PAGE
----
I call this method the Wayward Advertiser because it tricks the engine into thinking your just displaying a auto rotating banner advertisement. No big deal, SE’s have been dealing with those since the early 90’s. This “advertiser” however will force any nonbots to be displayed another page through a redirect. This is very simple.

Step 1
Create your bots view page. This is the page you want to be keyword stuffed and SEO’d to it’s max since that is all the search engine will see. Then put in the frame code. Make sure the frame code is something similar to 468×60 pixels. This is the standard advertisement size. The frame will pull a page called something similar to adspace.html. Of course be creative with it, but give away nothing that this page will be a redirect. Do everything you can to make it look like a legitimate refreshing advertisement page. That includes the filenames.
View the Botsview source here

Step 2
Create the adspace page. This page will contain three different types of code. First it will contain a framebuster sniplet. This will cause the page to bust out of the frames and in return display another page that only the users will see. We’ll dub that page the userviewpage. The second will be in the actual body. This will be a meta refresh tag, that will refresh to the userviewpage as well. This is a failsafe. I like to set this to 3 seconds just incase the user doesn’t have javascript enabled. The next will be either a 468×60 pixel image or some form of link that looks like an advertisement. This will obviously be so incase the search engine decides to follow the frames. Everything will look completely legitimate as an advertisement and it will leave.
View the adspace source here

Step 3
Create the userview page. This will be the real content you want the visitor to see. Of course this isn’t totally necessary you could just redirect the users directly to your affilliate link or whatever you’d like.
View my userview source here

Would you like to see an example?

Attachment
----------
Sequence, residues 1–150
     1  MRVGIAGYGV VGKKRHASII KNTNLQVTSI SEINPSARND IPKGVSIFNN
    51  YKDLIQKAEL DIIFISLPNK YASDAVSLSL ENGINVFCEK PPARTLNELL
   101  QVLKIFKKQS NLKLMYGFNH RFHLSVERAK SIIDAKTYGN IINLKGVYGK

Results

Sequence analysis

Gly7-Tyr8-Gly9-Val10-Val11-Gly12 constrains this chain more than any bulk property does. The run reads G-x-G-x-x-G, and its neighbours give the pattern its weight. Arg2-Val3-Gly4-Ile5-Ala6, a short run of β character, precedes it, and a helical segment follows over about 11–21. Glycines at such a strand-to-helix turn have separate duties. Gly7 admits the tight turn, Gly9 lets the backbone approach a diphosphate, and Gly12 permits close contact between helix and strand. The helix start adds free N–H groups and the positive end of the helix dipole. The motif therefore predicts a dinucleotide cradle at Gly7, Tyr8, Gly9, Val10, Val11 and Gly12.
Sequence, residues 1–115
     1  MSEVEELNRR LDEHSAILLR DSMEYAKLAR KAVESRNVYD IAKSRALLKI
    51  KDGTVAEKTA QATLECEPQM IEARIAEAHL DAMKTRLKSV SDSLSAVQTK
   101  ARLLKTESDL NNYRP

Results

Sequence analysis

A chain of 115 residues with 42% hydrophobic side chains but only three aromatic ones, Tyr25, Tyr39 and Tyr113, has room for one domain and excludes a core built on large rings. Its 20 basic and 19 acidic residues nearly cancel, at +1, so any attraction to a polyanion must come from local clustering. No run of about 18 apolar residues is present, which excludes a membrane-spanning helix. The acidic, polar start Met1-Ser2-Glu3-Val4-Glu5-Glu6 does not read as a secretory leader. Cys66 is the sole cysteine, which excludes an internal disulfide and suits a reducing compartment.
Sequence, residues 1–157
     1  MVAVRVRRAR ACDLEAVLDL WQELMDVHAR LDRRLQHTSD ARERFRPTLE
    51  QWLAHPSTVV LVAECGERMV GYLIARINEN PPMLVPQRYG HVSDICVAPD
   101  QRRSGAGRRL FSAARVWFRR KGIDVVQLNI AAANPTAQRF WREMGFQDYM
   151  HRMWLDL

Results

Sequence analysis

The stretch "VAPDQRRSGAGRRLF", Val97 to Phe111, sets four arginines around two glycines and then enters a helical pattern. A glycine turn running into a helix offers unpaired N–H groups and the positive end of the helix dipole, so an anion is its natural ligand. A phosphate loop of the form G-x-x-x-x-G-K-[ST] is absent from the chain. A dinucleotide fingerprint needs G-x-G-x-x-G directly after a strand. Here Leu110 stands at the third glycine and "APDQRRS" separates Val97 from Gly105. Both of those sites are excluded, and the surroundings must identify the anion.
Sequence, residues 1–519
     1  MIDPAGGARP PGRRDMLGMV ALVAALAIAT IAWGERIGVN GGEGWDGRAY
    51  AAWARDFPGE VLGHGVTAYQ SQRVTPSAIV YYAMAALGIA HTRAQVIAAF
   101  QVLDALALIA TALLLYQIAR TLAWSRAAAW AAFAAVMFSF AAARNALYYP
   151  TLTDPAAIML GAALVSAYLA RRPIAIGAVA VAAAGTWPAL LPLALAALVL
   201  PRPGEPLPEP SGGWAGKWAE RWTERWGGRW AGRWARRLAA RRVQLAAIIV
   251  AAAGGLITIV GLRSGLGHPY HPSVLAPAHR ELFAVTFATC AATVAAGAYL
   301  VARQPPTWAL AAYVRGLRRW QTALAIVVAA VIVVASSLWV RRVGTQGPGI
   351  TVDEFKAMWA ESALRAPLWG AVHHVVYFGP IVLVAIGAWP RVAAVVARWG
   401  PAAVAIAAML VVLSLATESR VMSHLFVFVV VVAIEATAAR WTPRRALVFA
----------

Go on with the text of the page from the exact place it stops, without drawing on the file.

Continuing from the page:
I will periodically post the rest of the chapters of this over the next couple months. Obviously there are many different ways to accomplish a good cloaking effect. Gimmie some time and I will slowly work my way through a large portion of the quality ones.

Site Reviews & Commentary22 Aug 2006 10:28 pm

SEO BlackHat released a private blackhat forum this month. This will supposedly be a forum where the top black hatters post up their deepest darkest SEO secrets for the members, and where people can discuss new techniques openly. Sounds like a decent idea. Infact I think I had one of those kind of ideas before. I’m personally debating on whether or not to join.

The Advantages
1) I may learn something new that I can implement myself
2) I may meet someone there that can help me with one of my upcoming projects
3) It may be an entertaining forum.

The Disadvantages

1)I understand there is some kind of disclosure thing. Everything on BlueHatSEO is original and of my design. If i see something in that forum, whether or not I already knew it, I couldn’t ever post it up on here; because they will just claim i stole it from the forum and shared it.
2) $100/month. I’m not sure if it’s the fact that I’ve grown up in a very poor family but something about paying money for words never sat right with me. $100/month? I’m not quite sure where I stand with that. I’ve still to this day never bought an e-book in my life. I’m not sure if this would classify under the same principle.

The Biggest Disadvantage of All!
3) My own Awstats at the moment are creating the best case of why I should not join the SEO BlackHat Private Forums

- http://www.seoblackhat.com/forum/showthread.php 140 140

How much of my own content would I actually be paying for? What kind of blackhat forum is this? Are they just reposting Blue Hat Techniques and then being like, “Oh wow guys this forum is so damn useful! Check out all this neat stuff Eli wrote!”

I think I’m just going to save my hundred bucks and instead give SEOBlackHat a big fucking flaming finger instead.

Neat Tricks and Hacks22 Aug 2006 05:26 pm

Akismet has protected your site from 796 spam comments.

This was from a 24 hour period on Blue Hat SEO. So once again the topic of blog spam has come up. Blog spam is extremely popular, and just because I’m now a blogger myself doesn’t mean I have an excuse to suddenly become naive and pretend it’s not an EXTREMELY powerful and effective way to market. Search engines have been trying their little hearts out for the last couple years to make blog spam useless, but the facts are; They still love every single last link. As it stands now I still can’t come up with a faster way to get indexed than to put up links on 10,000 PR3+ blogs.

Like all highly public link bombing techniques such as comment spamming and trackback spamming, it’s a dying technology. Since I’m a very outspoken advocate of not following the rest of the marketing pack I’ve tried to give out some unique blog spamming tips like how to spam gov and edu sites to help narrow you from the rest of the crowd.